JSE-listed pharmaceutical manufacturer Aspen has once again resumed dividends and will pay out R1.2-billion, or 262c apiece, to shareholders for the financial year ended June 30.
The group’s normalised earnings before interest, taxes, depreciation and amortisation (Ebitda) for the year came in 3% higher year-on-year at R9.9-billion, as a lower gross profit percentage and reduced “other” operating income were partially offset by controlled operating expenses.
Normalised headline earnings a share increased by 10% year-on-year to R13.10.
Outgoing Aspen deputy CE Gus Attridge noted that normalised Ebitda growth would have been 6% year-on-year, excluding the one-off impacts in the year under review.
He expects higher Ebitda growth in the 2022 financial year, owing to an anticipated end to Covid-19-related costs and the company migrating its anaesthetics production to in-house capacity.
The group started manufacturing anaesthetics at its Bad Oldesloe facility, in Germany, and at its Gqeberha facility, in South Africa, in the year under review. That accounted for R2.04-billion of capital expenditure spent in the period.
The company was also investing heavily in its information technology capacity and expected spend on digitalisation in the 2022 financial year alone to reach R1-billion.
A big positive in the year under review, group CE Stephen Saad stated, had been Aspen reducing its debt from R35.2-billion in the 2020 financial year to R16.3-billion. The company also managed to extend its syndicated term debt facilities’ maturity dates to June 30, 2023.
He explained this was achieved by a cash consideration from the sale of its European Thrombosis business, strong operating cash flows and the benefit of a stronger rand relative to the euro and Australian dollar.
The group’s gross profit of R17.7-billion, compared with gross profit of R17.1-billion posted in the 2020 financial year, was impacted on by European Union oncology price cuts in the second half of the year – in the Regional Brands segment, and a continued lower margin sales mix in the Sterile Brands segment, as well as the Manufacturing segment incurring higher production costs since it started manufacturing Covid-19 vaccines and operated at a low to no margin.
Saad said the 2021 financial year marked a conclusion of the company’s reshaped Commercial Pharmaceutical portfolio, which is angled towards more organic growth.
He mentioned that the reporting year laid a platform for future growth and opportunities.
The company’s reshaped portfolio strategy has been grounded on acquiring sterile assets across anaesthesia and thrombosis products and expanded portfolios of branded assets through an enhanced geographic footprint, as well as critical mass across emerging markets.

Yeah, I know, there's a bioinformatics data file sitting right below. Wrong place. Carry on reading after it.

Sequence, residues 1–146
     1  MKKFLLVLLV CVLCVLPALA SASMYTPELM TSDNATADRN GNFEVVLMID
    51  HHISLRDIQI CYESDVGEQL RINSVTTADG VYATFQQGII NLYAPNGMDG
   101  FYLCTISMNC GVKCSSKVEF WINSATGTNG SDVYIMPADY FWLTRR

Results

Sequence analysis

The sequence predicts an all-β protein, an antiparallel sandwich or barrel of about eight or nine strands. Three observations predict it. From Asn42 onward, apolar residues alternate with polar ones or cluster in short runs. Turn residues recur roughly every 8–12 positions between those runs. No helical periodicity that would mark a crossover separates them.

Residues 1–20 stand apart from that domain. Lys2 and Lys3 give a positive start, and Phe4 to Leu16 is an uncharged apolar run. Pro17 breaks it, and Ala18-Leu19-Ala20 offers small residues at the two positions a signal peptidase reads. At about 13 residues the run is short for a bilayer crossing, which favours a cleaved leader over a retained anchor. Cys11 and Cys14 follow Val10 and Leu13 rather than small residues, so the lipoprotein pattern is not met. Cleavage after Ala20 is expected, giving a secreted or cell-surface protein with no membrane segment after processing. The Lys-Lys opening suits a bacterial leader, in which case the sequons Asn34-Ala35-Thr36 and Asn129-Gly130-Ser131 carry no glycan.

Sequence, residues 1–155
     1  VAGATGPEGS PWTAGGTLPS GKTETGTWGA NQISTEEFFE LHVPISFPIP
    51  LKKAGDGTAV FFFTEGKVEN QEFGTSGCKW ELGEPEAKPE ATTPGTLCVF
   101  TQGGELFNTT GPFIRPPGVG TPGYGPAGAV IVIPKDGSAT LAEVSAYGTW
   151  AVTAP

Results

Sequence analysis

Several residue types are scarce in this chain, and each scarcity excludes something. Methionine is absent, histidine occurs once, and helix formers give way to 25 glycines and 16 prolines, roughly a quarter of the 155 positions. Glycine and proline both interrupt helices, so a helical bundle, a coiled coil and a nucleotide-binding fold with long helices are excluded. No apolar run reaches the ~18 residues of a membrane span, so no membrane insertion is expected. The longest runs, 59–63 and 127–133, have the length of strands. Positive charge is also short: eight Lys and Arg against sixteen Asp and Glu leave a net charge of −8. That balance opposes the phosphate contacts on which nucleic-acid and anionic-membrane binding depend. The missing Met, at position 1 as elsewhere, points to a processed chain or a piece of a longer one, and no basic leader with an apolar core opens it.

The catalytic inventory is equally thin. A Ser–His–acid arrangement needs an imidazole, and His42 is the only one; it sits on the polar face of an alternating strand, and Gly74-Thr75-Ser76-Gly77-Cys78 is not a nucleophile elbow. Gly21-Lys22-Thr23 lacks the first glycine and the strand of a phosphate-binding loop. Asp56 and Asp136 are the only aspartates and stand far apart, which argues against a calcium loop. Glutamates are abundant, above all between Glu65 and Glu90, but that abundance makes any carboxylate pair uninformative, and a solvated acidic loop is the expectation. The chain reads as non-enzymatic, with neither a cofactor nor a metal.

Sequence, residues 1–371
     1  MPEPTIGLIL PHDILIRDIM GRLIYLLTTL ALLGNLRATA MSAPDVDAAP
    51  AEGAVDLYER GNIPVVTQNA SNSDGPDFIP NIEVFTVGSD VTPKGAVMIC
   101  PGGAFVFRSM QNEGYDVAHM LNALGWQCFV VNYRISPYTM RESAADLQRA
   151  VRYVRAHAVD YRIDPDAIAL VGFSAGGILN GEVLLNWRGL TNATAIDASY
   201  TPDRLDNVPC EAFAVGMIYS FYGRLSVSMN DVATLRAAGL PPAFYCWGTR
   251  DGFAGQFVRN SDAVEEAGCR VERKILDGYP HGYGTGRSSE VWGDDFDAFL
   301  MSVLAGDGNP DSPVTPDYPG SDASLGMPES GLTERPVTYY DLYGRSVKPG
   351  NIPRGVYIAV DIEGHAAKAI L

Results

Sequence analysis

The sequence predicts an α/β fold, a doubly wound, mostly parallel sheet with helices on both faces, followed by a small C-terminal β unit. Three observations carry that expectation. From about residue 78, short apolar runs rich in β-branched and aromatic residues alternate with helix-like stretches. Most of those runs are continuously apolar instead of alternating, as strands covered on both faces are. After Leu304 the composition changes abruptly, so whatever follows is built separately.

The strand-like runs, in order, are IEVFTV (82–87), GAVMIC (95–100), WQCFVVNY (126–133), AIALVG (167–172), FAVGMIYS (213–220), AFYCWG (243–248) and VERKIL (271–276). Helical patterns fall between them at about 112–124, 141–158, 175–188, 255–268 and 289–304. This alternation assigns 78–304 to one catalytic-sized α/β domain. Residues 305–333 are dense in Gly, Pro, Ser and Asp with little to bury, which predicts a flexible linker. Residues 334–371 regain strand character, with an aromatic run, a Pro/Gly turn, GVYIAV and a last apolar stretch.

Aspen also divested from capabilities that were too stretched and deemed fit for another buyer to achieve more value with the assets.
Saad remarked that the group continuously builds on active pharmaceutical ingredient capabilities – peptides, biochemicals, hormones and steroids.
The company has achieved its portfolio growth in the last few years without the help of equity funding and only through net borrowing, achieving Ebitda growth of 68% between 2013 and 2021.
Saad and Attridge expected the company’s Commercial Pharmaceutical portfolio to sustain growth, with strong growth in Regional Brands anticipated, in particular, driven by Australasia and South Africa, while Sterile Brands would post more modest growth.
The executives agreed that its Manufacturing segment should be less impacted by Covid-19-related costs in the next financial year.
Saad warned, however, that exchange rates would impact on vaccine sales, since they are done in hard currency.
Overall, he expected Aspen to report strong Ebitda growth in the 2022 financial year.
In the latter half of the year under review, Aspen started manufacturing Johnson & Johnson (J&J) vaccines at its Gqeberha-based facility and was the first, and so far only, company to produce a Covid-19 vaccine in Africa.
Saad said the company was looking into acquiring the rights to its own branded product and was working towards being granted a licence by J&J to fully manufacture all of the vaccine’s components.
If successful, Aspen would sell the vaccine directly to customers and focus on selling exclusively to African customers – in the company’s efforts towards equitable access to the vaccine on the continent.
The group was in the process of converting vial capacity to include vaccine capabilities at the facility, which would be ready by February next year. This would increase Aspen’s manufacturing capability from 300-million doses currently to 450-million doses by February 2022, and further to 700-million doses by January 2023.
Saad confirmed it was possible to take Aspen’s production capacity to 1.3-billion doses, off an existing footprint.